The world faces
an unprecedented threat from COVID-19. It is a global crisis unlike any in
recent history — one that is spreading human suffering, destabilizing the
global economy and upending the lives of billions of people around the globe.
Change staff stand in solidarity with all those affected by COVID-19.
The world will
get through this crisis, but only if we act together in a spirit of solidarity,
hope and resolve.
ContinuesIn unison with the UN family, while addressing the COVID-19 crisis, UN Climate
Change continues its important work. Climate change and COVID-19 are not the
same, but what is, is the concept of humanity working towards a common goal for
the benefit of all people.
Our work in
2020 is not, in any form, on hold. The climate emergency has not taken time off
for the coronavirus. Nor will it prevent extreme weather events and other
climate-related impacts, which are already causing casualties. We all are
working remotely, groups are meeting virtually, and we are maximizing our
efforts to ensure that we continue to support global efforts to address climate
change and reduce emissions.
2020 remains critical for making progress on climate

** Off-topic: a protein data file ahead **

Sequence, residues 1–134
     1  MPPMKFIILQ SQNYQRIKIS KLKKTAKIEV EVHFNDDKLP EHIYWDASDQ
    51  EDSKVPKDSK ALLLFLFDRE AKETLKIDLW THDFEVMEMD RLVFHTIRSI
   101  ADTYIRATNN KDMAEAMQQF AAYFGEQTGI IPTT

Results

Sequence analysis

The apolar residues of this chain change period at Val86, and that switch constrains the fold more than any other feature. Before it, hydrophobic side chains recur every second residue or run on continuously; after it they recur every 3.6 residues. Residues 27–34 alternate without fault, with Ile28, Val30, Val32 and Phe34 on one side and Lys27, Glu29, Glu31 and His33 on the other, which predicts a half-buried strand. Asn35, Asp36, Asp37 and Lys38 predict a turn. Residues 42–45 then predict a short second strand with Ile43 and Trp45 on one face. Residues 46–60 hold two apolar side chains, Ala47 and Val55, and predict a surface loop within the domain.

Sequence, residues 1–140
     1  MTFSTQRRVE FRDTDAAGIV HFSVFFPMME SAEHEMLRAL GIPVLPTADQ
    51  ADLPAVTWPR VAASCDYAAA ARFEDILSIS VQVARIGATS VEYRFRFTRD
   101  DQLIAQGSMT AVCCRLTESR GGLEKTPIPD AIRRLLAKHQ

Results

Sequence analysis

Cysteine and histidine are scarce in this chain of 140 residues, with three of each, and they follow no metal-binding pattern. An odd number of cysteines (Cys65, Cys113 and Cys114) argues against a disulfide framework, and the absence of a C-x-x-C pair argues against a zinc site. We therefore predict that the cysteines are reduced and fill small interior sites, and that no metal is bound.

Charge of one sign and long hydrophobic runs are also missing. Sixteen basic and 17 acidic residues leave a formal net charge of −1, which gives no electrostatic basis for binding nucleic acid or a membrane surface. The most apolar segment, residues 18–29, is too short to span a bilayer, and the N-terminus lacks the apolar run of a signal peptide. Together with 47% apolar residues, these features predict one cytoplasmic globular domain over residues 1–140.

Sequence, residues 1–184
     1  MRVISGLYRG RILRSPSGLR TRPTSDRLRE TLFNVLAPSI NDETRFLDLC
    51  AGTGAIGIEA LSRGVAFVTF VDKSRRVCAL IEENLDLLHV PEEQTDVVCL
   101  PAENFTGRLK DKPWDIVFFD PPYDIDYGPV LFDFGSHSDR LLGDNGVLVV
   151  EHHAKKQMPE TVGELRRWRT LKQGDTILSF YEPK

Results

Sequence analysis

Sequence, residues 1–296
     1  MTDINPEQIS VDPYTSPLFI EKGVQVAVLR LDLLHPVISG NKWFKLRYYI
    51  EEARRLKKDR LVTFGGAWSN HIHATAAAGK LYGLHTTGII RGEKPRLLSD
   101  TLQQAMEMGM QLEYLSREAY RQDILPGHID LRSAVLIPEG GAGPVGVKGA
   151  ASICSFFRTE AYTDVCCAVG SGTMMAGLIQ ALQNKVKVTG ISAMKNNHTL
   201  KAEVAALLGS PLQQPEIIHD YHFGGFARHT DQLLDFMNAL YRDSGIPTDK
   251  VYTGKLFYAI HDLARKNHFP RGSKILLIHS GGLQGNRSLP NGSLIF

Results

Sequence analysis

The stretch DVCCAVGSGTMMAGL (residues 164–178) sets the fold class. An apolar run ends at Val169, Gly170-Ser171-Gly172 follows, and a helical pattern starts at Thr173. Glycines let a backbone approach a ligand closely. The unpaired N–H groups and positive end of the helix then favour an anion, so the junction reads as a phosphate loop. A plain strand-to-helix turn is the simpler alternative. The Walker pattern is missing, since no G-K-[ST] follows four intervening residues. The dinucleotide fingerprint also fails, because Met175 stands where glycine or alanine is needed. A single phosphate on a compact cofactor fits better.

change. We are reminded that planet Earth registered its second-hottest year on
record in 2019. This capped off a five-year period that ranks as the warmest
span in recorded history. In 2019, hurricanes, wildfires and floods cost the
world $150 billion. Losses
for business and the economy—before COVID-19 hit—were expected to increase because of a
decade-long rise in natural catastrophes with direct links to climate change.
As UN Secretary-General António Guterres says, now
is the time for retreat.
Instead, never has the need for climate ambition been more crucial,
specifically raising ambition on mitigation, adaptation and finance, including
building on the work of the 2019 Climate Action Summit. While COVID-19 may have
postponed COP26, it has not postponed the need for Parties to accelerate work
towards fulfilling commitments they have already made. Nor does it postpone the
requirement for nations to submit or revise their national climate action plans—known
as NDCs—in 2020. The world’s window of opportunity to address climate change is
closing soon: time is a luxury we simply do not have.
From Despair to
In the midst of the pandemic, a window of hope and
opportunity opens an opportunity for nations to shape the economy of the 21 century in ways that are greener, cleaner,
healthier and more resilient. In other words, a chance to recover better.
governments, as they roll out their economic-financial support, to make those
plans as green and sustainable as possible.
revealed the world’s vulnerabilities, many of which intersect with the climate
crisis. At the same time, it has highlighted the importance of expertise and
science, cooperation, information and transparency. And it has, in many cases,
demonstrated that societies can, when necessary, pull together to address a
global challenge with bold responses.
Change will draw upon these lessons as we adjust to the new reality. And we
stand ready to support countries in their climate change efforts, now and